By Ronald Musoke
A three-year study looking into ways small-scale farmers operate in Africa, Asia and Latin America has prompted calls for a rethink of development and business interventions, if they are to transform their livelihoods.
The final project report jointly published on Nov 29 by the London-based International Institute for Environment and Development (IIED) and Hivos shows how mainstream efforts to make markets work for poor farmers can fail to operate in tune with the ways such farmers themselves try to make their markets work.
“Contrary to the prevailing narrative, and what NGOs, policymakers and donors expect, interventions that aim to upgrade small-scale farmers into high-value, formal supply chains and modern markets tend to benefit only 2-10 per cent of farmers,” says Bill Vorley, a principal researcher at IIED and co-author of the report.
According to a 2004 International Food Policy Research Institute (IFPRI), half a billion farmers of less than two hectares produce a significant proportion of the world’s food, estimated at over 90% in sub-Saharan Africa.
Vorley and his co-authors point out that most small-scale farmers combine farming with other activities and trade more in informal than formal markets – and rarely through cooperatives or producer organizations that can take advantage of connections with modern markets.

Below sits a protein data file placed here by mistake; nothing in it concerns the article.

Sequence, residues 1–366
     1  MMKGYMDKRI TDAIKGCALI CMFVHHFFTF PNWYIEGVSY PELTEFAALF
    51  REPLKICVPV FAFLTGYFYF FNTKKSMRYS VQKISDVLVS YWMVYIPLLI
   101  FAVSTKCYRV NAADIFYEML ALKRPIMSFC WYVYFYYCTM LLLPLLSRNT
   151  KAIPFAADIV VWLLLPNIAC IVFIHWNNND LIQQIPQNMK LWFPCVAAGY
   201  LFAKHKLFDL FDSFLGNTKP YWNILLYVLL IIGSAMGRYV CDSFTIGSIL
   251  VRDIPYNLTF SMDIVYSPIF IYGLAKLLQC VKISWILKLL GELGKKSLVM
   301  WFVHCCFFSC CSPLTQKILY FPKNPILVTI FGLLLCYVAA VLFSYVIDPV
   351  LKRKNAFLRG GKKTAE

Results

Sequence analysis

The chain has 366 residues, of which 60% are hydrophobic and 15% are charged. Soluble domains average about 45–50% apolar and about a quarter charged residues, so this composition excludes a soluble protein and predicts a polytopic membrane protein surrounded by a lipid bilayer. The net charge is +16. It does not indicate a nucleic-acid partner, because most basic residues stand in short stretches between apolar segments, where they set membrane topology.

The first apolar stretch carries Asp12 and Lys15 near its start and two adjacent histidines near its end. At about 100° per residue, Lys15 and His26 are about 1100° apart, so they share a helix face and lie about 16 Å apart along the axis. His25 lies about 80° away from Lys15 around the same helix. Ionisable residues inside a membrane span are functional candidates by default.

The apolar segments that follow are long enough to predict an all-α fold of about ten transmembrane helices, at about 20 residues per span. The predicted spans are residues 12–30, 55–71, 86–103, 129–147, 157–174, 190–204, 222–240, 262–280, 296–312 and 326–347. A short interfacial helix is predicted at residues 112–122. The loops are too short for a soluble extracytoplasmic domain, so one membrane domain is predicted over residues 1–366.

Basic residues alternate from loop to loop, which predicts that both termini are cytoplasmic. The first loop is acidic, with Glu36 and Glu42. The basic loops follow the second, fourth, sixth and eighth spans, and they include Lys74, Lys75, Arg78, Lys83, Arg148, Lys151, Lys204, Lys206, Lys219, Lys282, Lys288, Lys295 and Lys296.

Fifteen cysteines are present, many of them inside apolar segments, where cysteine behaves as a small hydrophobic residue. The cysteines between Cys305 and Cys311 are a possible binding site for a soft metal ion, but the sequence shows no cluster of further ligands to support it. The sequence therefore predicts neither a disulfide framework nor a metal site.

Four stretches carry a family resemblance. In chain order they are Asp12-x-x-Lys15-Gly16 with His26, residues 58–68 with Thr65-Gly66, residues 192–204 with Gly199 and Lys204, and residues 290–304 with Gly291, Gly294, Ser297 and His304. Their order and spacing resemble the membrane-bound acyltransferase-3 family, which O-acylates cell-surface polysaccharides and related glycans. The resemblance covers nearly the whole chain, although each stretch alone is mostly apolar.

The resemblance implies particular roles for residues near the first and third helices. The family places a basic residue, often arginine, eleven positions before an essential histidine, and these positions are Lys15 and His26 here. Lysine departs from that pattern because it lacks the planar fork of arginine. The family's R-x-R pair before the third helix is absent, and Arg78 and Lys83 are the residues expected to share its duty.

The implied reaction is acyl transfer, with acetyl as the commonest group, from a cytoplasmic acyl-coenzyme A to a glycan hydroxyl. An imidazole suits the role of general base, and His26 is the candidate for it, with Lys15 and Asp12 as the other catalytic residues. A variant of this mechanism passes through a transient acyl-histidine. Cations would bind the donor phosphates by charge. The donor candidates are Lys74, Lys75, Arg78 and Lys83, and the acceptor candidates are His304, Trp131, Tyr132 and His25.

The report shows that rather than being a problem that needs to be fixed, informality can provide the space for small-scale farmers’ agency, to find and build flexibility and resilience in a globalizing world.
A central part of the study was managed by a network of farmer leaders, business people, researchers and civil society that spanned Central America, the Andes, East Africa, India and Indonesia.
This learning network found that dynamic local, national and regional markets in developing nations give small-scale farmers options beyond those that high-value and modern global supply chains offer.
Factors that encourage this include more buyers in the countryside looking for supply, increased trade between developing nations and a growth in urban markets. At the same time, many small-scale farmers are modernizing in their own ways.
Rather than rejecting or fully joining modern, globalised markets they are combining aspects of them with informal structures, culture and traditions.
The report also draws attention to a key issue: the fact that fewer young people will want to farm tomorrow.
Policies and development interventions to support small-scale farmers need to fit with this changing and complex reality to get the future right regarding not only agricultural production and consumption but also youth employment.
Co-author Ethel Del Pozo-Vergnes, a senior researcher at IIED, says it would be better for governments, donors, development agencies and big business to work to understand and support the strategies small-scale farmers are already using, as they combine formal and informal ways to make markets work for them.